If this is not possible, separate legal proceedings will be initiated and the question of custody of the child will be settled on the basis of the legislation of the country in question. Courts in foreign States decide cases on the basis of their own domestic laws and regulations. In some countries the laws derive directly from religious rules.

A local lawyer is needed for the proceedings. Legal aid can be granted for the costs of the proceedings by the country concerned or by Finland pursuant to the Act on Public Legal Aid (104/1998). In Finland applications for legal aid are made to and, on certain conditions, granted by the Ministry of Justice.

The proceedings can be drawn out and patience-taxing. They also include the process, specific to each country, through which a Finnish decision validated in the relevant country or a decision on custody of the child can be enforced. The enforcement may be decided by another authority than the court.

International conventions on the position of children

If a child has been removed to a State that is not a party to the child abduction conventions the return procedure prescribed in the conventions is not applicable. It is, however, possible that the State to which the child has been abducted has acceded to another international convention. If so, you may be able to invoke that convention in your case. Just invoking a convention is, however, seldom enough; the necessary proceedings required by the legal system of the country concerned for the return of the child must also be initiated.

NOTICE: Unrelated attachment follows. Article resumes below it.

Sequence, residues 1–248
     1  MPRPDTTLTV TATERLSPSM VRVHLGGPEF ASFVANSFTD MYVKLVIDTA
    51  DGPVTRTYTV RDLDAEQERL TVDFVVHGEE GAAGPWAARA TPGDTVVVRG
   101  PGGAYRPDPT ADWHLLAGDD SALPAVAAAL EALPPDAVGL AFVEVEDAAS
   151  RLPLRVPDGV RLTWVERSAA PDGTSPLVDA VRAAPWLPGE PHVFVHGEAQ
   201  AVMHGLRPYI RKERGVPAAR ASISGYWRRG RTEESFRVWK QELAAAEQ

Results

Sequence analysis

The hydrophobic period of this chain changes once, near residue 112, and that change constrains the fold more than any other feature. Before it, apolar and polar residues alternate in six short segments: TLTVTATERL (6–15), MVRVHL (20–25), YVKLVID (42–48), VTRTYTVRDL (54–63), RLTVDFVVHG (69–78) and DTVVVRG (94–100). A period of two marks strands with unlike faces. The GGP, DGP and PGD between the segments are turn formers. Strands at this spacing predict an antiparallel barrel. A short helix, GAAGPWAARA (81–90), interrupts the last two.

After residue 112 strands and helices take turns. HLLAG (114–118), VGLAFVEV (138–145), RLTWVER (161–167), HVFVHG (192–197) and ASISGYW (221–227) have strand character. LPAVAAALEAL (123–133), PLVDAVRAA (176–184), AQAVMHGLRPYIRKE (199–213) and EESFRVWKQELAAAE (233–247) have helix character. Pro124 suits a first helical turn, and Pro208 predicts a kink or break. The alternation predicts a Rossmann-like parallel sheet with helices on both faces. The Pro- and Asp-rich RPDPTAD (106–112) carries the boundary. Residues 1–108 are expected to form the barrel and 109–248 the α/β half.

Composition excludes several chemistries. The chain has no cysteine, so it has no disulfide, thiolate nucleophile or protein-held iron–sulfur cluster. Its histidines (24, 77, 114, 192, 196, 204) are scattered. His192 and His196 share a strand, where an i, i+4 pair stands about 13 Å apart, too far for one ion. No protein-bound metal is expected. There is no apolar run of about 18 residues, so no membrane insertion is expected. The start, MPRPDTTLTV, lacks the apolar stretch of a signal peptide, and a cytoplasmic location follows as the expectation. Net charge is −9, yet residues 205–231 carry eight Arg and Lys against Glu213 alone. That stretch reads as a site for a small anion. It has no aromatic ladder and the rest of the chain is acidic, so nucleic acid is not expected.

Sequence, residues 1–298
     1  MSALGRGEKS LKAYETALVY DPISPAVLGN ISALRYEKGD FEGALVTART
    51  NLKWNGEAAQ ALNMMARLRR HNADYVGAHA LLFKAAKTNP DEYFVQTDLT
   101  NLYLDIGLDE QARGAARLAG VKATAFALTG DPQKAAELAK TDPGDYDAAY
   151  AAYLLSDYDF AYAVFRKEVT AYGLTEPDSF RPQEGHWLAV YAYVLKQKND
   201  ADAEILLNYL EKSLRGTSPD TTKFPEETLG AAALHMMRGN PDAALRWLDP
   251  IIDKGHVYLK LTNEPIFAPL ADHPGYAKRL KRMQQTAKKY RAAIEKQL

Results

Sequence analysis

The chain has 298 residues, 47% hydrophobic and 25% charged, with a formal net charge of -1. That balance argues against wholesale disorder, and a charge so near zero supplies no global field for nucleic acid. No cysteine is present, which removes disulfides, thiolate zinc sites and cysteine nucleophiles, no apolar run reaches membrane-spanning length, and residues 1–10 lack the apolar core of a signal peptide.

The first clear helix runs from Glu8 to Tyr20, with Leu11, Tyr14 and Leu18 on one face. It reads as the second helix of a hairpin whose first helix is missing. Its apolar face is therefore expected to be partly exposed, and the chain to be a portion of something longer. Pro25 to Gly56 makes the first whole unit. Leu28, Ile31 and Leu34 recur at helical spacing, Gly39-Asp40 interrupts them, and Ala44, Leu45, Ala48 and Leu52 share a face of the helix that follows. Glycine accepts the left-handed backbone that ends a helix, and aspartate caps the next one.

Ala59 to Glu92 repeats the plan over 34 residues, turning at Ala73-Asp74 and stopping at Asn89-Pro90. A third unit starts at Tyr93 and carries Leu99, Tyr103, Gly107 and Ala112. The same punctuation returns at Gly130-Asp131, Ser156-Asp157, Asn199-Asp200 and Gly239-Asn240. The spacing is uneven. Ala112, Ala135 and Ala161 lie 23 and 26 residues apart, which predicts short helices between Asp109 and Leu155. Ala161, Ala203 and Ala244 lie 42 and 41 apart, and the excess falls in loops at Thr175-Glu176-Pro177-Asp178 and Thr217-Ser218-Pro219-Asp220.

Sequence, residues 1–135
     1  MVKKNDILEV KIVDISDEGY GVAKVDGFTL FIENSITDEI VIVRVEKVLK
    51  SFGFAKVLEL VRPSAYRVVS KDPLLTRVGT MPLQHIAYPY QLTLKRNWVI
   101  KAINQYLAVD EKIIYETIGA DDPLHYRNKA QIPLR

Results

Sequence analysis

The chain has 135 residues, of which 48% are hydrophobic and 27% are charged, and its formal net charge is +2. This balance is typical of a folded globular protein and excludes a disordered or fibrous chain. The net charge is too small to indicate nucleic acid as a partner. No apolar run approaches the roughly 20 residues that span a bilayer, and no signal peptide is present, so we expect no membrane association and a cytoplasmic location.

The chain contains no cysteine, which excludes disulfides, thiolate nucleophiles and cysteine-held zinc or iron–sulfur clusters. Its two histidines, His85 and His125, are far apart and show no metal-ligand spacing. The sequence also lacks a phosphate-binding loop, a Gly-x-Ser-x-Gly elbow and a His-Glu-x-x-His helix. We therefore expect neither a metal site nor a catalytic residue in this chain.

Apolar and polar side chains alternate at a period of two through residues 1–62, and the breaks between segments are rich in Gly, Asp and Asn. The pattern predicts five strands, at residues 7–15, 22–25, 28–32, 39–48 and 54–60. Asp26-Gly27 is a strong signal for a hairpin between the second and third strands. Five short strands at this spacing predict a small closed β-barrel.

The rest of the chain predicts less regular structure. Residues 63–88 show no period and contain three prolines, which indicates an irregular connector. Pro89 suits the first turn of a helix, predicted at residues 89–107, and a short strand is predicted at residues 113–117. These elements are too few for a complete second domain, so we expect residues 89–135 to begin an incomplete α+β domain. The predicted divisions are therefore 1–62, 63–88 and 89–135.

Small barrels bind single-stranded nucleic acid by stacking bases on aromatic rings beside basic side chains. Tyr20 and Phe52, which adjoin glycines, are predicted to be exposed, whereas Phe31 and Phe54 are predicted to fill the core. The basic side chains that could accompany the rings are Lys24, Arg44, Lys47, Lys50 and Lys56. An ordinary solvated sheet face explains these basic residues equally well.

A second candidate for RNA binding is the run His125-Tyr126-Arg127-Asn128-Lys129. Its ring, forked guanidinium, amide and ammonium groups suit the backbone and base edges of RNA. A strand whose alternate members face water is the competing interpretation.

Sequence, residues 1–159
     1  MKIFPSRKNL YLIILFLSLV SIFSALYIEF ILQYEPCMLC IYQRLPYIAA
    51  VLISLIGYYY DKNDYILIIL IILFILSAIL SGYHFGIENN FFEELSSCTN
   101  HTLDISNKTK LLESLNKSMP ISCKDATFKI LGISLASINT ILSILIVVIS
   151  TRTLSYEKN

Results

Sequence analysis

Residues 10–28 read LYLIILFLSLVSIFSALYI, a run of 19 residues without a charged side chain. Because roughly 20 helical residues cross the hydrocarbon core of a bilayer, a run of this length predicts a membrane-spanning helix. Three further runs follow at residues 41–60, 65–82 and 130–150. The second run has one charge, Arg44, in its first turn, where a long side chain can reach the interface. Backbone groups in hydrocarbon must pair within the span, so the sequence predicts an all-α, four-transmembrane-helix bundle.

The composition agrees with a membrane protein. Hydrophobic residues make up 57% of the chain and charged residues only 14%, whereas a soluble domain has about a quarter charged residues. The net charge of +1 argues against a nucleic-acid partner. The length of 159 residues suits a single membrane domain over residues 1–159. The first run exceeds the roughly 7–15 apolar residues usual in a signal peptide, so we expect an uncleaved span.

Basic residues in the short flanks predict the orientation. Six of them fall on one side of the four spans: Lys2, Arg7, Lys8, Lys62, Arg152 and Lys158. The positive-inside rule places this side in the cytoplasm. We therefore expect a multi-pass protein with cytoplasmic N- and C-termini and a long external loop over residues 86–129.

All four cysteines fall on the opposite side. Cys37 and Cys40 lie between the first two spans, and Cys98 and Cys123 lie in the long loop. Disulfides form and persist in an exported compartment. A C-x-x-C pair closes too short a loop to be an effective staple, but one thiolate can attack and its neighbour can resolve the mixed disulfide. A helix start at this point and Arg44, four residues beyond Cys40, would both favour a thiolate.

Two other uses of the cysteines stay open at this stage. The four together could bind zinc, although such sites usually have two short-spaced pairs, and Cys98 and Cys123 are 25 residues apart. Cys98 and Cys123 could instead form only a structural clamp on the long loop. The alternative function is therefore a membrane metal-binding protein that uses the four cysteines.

Some Possibly Applicable Conventions in Cases of Child Abduction
Convention on the Rights of the Child (Treaty Series 60/1991). According to Article 11 of the Convention States Parties shall take measures to combat the illicit transfer and non-return of children abroad.

International Convention against the Taking of Hostages (Treaty Series 38/1983).

Convention for the Protection of Human Rights and Fundamental Freedoms, i.e. the European Human Rights Convention (Treaty Series 18-19/1990) and Additional Protocols.

UN International Covenant on Civil and Political Rights (Treaty Series 7-8/1976).

The Treaty Register of the Ministry for Foreign Affairs shows which international conventions are in force in the countries between which the abduction has taken place.

Information on international conventions can also be found on the Internet at address http://www.finlex.fi.